“I might do that,” she said quietly, and packed up her things. She reached into her pocket and handed me two twenty dollar bills. “Bring some lunch back to my place for both of us. You can tell me all about Professor Anderson’s meandering lecture then.”
I looked at the money. I didn’t have that sort of cash, and I didn’t argue with her. Hanna left the lecture hall huddled under my coat before I could retrieve it. I was facing a slightly chilly walk to her place after class, in my t-shirt and no jacket.

After the lecture, I stopped to get food, and hurried my way across the campus to catch one of the shuttles that circled the university campus. The wind had picked up, and I shivered as I ran for the stop, careful not to drop the hot food in the thin plastic sacks.
Hanna’s apartment building was at the farthest end of the campus from the Biology building. I settled in my seat and watched the scenery, the leaves in golds and browns, the rapidly dropping sun in the late mid day. The smell of the ocean got stronger as we approached the end of the route. Hanna’s apartment. I pulled the cord to signal for my stop, and left the warmth of the bus once it pulled up.
Hanna buzzed me into the lobby of her building, and came down to greet me.
“Nolan, thanks. I got some sleep. I’m starving. Come on up.” Hanna paused at the front desk to sign me in. I’d never been to her place, she’d always met me at the library or at my place.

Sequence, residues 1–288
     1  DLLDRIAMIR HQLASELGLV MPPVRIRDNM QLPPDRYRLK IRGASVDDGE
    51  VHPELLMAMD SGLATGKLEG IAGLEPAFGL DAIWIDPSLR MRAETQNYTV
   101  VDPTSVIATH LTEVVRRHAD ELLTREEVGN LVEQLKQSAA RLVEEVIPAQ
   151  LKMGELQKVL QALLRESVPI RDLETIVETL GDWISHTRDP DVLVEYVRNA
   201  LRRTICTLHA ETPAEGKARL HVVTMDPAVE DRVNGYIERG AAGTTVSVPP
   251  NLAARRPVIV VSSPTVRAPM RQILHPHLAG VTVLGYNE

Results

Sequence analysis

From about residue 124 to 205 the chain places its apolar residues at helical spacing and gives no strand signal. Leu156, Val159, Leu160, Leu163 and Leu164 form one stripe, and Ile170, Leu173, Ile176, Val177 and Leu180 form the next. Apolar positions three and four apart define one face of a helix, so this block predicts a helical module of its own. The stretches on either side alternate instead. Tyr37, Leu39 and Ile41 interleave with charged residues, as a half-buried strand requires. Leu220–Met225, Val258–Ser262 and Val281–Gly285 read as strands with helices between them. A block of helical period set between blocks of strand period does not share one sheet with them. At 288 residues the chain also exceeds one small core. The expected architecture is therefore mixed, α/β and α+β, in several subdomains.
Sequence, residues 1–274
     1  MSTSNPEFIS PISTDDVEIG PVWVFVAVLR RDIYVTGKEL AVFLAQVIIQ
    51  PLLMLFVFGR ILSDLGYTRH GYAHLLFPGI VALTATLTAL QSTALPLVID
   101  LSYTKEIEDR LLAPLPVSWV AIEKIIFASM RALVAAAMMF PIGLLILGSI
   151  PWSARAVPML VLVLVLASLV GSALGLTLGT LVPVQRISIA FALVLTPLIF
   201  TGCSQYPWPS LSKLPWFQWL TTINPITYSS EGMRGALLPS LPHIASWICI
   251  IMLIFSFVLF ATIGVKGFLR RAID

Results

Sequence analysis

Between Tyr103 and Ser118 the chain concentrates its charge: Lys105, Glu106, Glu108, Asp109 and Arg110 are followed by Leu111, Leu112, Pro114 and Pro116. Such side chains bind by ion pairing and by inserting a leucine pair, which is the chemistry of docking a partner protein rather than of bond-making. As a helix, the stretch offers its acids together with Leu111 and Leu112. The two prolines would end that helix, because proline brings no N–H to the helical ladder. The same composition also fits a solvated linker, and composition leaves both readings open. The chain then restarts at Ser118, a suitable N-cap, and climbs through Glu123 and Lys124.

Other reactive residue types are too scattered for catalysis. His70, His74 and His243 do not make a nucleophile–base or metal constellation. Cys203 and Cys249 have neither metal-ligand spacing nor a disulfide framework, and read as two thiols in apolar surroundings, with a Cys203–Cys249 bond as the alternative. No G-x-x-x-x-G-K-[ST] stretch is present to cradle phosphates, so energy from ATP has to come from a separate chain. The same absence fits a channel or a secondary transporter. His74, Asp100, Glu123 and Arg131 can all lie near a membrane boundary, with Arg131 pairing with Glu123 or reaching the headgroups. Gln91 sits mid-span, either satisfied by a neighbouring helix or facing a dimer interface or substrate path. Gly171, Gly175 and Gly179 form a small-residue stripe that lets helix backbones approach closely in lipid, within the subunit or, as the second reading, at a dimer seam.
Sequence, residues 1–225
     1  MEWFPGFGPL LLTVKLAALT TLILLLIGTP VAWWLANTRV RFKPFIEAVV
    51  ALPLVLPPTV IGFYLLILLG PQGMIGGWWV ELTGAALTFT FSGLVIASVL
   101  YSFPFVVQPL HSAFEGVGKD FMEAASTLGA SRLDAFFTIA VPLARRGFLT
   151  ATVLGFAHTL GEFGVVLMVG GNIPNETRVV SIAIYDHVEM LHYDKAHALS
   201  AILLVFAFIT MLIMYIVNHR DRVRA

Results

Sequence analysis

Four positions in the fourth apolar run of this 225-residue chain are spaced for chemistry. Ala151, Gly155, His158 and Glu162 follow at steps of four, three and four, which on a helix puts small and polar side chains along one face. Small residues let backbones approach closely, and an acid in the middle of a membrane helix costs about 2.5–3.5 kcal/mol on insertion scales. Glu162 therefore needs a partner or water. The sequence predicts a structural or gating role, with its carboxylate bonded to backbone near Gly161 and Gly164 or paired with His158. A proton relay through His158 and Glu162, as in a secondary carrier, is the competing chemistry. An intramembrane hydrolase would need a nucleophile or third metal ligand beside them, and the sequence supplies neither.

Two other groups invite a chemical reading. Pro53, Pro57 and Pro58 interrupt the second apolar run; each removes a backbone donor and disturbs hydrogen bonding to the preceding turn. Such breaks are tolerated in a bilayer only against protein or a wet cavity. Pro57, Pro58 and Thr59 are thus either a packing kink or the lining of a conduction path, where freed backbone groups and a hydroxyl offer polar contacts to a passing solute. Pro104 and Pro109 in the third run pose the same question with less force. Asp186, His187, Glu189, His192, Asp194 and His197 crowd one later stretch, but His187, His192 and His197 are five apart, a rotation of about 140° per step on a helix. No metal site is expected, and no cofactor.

“Its a secured building, Nolan. Just a formality. No need to worry,” Hanna said.
She looked better for the extra rest, more color in her cheeks and her green eyes looked less tired. She’d tied her blond hair back in a messy gather.
“I brought soup and sandwiches. The cafeteria was closing by the time lecture wrapped up. You didn’t miss much. Just an overview on the circulatory system. I’ll email you my notes.” I unpacked the food as we talked, and we sat down to eat before everything turned completely cold.
“Are you calling in sick to work tonight? You should.” I asked.
“It’s fine, I’m not working tonight. I only work on call,” Hanna replied. She tore into the sandwich like she hadn’t eaten in days.
“Slow down before you choke. On call? I thought you had shiftwork, nights.” I replied.
“Something like that. I don’t like talking about my job.” Hanna said. “So how many people got kicked out of lecture today for playing on their laptops?”
“Only two. I think people are starting to get the idea. I’ve never asked what you actually do. I assumed it was some kind of data entry or night clerk job. I’m terrible at being nosy.” I said. I looked around the kitchen. It looked nicer than my student apartment. I was envious. A bit.

“Its what I love about you. I work in biological research. Private company. A support job of sorts. They’re not hiring.” Hanna said, a bit evasive.
“Wasn’t asking if they were,” I replied. “Does it pay well? It looks like they do.”